I wrote about Josh Lambert’s book, “Unclean Lips” for Lilith Magazine (it’s about Jews and Obscenity) and interviewed him at the Lilith blog.
My thoughts about Dylan Farrow and Woody Allen can be found in the Sisterhood and (quoted) in the LA Times.
More bylines soon, I hope, as I rev myself up for the next cycle of creativity.
A few of my personal faves from 2013. Stay tuned for my year in reading.
- My short story, “Ironing,” was a winner of the 2013 Lilith Fiction Contest. Read it here.
- I also had a flash fiction piece at S-Tick, a new feminist e-zine, that I really love and is a bit of a departure for me. It begins: ”Sherry ought to have been having a good time at Jessica’s pool party, sashaying around in her caftan and oversized shades, but the dead girl at the bottom of the jacuzzi made it hard.”
Happy new year! Here’s to 2014.
"I don’t know exactly how to get the message through: contraception is not a Benz, but a basic need. I think that somehow my opponents believe that a fancy car is supposed to help men get a woman to go to bed with them, and the pill serves the same purpose for a woman. My depo-provera brings all the boys to the yard, or something. This is absurd"
— Birth Control is Not a Cadillac – The Sisterhood – Forward.com
"We are ebullient types, me and Bridge — we color outside the lines, blurt things out, knock vases over, and remain superficially convinced that if we just tried harder, we could transcend all that, and become like those coiffed and manicured mommies, the ones who never have a hair out of place."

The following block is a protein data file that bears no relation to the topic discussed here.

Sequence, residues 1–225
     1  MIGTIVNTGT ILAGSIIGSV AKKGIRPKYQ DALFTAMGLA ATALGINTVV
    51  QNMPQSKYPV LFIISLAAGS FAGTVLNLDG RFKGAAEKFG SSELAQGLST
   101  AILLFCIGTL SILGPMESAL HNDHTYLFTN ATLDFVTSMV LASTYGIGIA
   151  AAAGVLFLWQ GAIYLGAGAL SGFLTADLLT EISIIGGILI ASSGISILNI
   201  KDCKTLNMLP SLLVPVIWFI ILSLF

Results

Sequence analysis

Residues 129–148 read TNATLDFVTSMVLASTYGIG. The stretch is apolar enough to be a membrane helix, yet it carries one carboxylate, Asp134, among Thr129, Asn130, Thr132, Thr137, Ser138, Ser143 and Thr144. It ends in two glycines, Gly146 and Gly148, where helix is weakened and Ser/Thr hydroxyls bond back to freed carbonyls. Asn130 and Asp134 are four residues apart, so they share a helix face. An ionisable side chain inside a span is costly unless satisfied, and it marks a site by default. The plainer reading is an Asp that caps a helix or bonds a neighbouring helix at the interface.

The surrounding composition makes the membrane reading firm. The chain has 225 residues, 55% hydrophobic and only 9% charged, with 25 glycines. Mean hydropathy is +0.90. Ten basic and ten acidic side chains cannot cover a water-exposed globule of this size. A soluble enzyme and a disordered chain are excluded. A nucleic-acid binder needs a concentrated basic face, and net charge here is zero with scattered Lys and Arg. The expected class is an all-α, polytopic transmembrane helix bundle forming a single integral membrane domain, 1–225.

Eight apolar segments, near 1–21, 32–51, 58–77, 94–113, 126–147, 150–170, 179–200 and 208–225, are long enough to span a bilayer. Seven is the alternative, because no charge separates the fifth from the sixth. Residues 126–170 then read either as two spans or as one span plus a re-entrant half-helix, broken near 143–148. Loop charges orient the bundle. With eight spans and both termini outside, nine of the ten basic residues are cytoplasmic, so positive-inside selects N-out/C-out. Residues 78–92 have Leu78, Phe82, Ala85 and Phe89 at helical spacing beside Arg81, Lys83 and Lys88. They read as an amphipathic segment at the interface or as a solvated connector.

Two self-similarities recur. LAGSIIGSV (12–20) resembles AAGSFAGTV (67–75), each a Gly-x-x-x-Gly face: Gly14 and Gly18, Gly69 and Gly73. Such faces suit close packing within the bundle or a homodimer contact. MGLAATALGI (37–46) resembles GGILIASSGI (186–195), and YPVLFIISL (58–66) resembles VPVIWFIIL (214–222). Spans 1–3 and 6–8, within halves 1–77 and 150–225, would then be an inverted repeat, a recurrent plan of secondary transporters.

— Vol. 1 Brooklyn | The Reading Life: List-Making with Bridget
"I have long also secretly patted myself on the back for my intermittent indifference to beauty culture, chalking it up not just to laziness and boredom, but also to feminist resistance. And that’s because even if on the surface I feel guilty about not conforming to standards, deep down I genuinely believe that untamed hair, extra weight here and there, and skin, free of goopy makeup are completely fine — great, even, made greater by their insistent naturalness in a coiffed and plucked world. Fashion and beauty labels literally profit off of female insecurity. To refuse to participate may be a personal choice, but it’s a bold one."
— The ‘Meh’ Generation – The Sisterhood – Forward.com
"EARLY ON in the recent romantic comedy Austenland, a sad single woman named Jane, played by Keri Russell, reveals the depths of her shame to a tsk-tsking married friend: the Austen Room. Inside this shrine she stores teacups, portraits of film actors in cravats, and various frilly tributes to the Regency world of Jane Austen’s novels. Sadly, these items are not complemented by similar trinkets vouching for Austen’s literary talent: no “irony rules!” stickers, no “Austen’s prose is perfect” needlepoints. In fact, there’s very little in the film that alludes to Austen’s writing at all."
The Foibles of Fandom: “Austenland” and “Among the Janeites”
Thanks to Audrey Bilger for the great edits on this piece in the LA Review of Books!